WASHINGTON — On Tuesday, the Government Accountability Office made public a new report examining the security controls of high-impact information systems. The audit revealed that the 18 federal agencies that have high-impact systems — those that hold sensitive information which if lost or stolen could cause the nation or individuals serious harm — identify foreign nations as the most serious and frequently occurring threat.
The auditors found that key federal agencies responsible for sensitive systems, including the National Aeronautics and Space Administration, the Office of Personnel Management, the Department of Veterans Affairs, and the Nuclear Regulatory Commission, had not taken all necessary security precautions to protect system controls or to address weaknesses such as patching known software vulnerabilities. As a result, GAO warned, the sensitive data maintained on these systems remains vulnerable. Sen. Ron Johnson (R-Wis.), chairman of the Senate Homeland Security and Governmental Affairs Committee, Ranking Member Tom Carper (D-Del.) and Sen. Susan Collins (R-Maine), chairman of the Special Committee on Aging, had this to say regarding the GAO report produced at their request:
“Foreign nations continue to work to penetrate federal networks and information systems to access our government’s sensitive information,” said Johnson. “As we saw with last year’s data breach of the Office of Personnel Management’s security clearance files, which affected 21 million people, poor federal cybersecurity can put the nation and its citizens at risk. I remain concerned that federal agencies are not fulfilling their responsibilities under the law to secure federal information systems. Our committee is asking agencies to respond to these findings and will monitor progress to ensure that federal agencies follow the law and take adequate precautions to protect sensitive information.”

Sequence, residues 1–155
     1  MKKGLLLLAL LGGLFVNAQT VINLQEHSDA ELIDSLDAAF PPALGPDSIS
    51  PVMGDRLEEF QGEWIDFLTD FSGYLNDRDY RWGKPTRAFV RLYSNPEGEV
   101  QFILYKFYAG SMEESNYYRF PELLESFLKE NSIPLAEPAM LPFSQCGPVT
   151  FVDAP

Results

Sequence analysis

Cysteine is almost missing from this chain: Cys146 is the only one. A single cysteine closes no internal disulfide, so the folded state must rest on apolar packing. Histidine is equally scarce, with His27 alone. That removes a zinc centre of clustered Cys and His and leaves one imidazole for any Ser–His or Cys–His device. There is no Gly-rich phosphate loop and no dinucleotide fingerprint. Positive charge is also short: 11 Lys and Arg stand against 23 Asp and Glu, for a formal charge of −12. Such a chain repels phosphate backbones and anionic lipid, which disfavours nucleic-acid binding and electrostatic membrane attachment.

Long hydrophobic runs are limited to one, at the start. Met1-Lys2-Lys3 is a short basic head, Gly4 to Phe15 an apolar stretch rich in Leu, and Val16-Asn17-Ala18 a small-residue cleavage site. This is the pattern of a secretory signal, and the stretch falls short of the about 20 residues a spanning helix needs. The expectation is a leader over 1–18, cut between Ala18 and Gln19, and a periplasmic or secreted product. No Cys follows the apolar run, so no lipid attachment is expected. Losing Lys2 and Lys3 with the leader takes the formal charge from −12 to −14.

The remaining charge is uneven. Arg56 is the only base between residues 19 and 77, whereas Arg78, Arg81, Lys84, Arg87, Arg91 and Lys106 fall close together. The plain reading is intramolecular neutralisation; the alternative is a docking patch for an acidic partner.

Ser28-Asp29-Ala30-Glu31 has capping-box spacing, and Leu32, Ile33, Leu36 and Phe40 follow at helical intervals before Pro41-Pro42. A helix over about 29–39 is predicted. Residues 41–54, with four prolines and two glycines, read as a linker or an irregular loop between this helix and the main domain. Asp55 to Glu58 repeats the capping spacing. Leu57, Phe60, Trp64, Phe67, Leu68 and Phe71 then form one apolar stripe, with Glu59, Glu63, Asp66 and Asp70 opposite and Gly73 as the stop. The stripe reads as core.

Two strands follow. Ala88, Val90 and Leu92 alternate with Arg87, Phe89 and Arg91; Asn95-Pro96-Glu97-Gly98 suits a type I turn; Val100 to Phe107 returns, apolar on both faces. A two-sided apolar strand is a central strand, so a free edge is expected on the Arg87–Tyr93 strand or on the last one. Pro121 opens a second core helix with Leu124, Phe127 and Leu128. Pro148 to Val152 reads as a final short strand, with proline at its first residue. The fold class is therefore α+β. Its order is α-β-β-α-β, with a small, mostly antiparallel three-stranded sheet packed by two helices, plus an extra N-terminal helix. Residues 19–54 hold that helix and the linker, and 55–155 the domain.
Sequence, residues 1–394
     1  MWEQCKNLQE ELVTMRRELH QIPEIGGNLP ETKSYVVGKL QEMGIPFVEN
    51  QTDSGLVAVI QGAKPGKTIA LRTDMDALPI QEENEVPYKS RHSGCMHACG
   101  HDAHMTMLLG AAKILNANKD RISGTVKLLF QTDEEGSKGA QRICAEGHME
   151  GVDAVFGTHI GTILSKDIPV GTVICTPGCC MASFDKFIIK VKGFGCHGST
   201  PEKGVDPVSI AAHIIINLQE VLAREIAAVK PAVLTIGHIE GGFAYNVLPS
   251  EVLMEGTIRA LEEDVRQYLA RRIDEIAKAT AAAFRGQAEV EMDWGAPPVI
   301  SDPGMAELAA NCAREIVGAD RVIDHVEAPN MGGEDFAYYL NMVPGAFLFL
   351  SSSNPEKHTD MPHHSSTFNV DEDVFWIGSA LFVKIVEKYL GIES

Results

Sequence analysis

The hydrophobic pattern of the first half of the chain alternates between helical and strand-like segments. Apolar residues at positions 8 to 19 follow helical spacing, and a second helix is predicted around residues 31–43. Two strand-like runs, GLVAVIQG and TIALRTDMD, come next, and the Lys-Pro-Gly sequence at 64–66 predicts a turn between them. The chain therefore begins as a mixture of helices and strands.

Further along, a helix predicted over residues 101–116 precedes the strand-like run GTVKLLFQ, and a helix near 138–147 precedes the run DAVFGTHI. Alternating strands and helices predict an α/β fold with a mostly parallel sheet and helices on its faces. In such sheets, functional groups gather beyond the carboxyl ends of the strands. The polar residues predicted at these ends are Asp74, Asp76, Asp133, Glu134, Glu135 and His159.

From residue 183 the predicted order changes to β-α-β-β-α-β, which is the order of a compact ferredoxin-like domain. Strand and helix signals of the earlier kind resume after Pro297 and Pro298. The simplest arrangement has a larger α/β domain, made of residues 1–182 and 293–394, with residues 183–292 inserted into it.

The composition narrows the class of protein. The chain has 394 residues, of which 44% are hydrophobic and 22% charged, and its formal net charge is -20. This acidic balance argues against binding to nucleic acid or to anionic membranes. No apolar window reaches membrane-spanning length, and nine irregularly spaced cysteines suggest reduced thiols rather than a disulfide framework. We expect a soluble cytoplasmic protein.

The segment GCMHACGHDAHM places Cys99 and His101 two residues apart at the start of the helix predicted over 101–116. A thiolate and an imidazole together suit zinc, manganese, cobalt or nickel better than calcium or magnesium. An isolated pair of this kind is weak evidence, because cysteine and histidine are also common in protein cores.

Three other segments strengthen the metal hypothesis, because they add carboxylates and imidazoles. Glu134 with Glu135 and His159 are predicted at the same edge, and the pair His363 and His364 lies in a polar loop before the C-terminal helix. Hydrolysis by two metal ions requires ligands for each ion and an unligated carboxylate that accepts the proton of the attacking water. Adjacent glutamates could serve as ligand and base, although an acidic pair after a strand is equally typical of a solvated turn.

“Our high-impact systems contain sensitive information that we cannot afford to have breached by outside groups. To protect these critical networks from constantly evolving threats, we must ensure that we continue addressing vulnerabilities and building resiliency into our policies and practices,” said Carper. “Today’s report shows that we have more to do to secure our systems because, while our defenses are getting stronger, these attacks are getting more sophisticated. While agencies have a responsibility to improve their cybersecurity measures, Congress also has an obligation to ensure that agencies have the funding, the tools, and the authority they need to adequately protect their systems.”
“The cyberattack at OPM last year was a glaring exposure of the current vulnerabilities in our federal computer system. It is vital that the U.S. government take substantial steps to protect the sensitive information stored within its high-impact systems. GAO’s report details key improvements that must be immediately implemented by the four agencies covered in this report, including OPM. The work done by GAO helps to ensure that all our federal networks and databases are properly protected and secured,” said Collins.
In December, President Obama signed into law federal cybersecurity legislation that included legislation drafted by Chairman Johnson and Ranking Member Carper to enhance federal cybersecurity protections. The bipartisan Federal Cybersecurity Enhancement Act of 2015 mandates the deployment of cybersecurity best practices at agencies — measures such as intrusion assessments, strong authentication, encryption of sensitive data and appropriate access controls. The bill also authorizes EINSTEIN, an intrusion detection and prevention system intended to screen federal agencies’ Internet traffic for potential cyber threats.
Click here for the GAO report.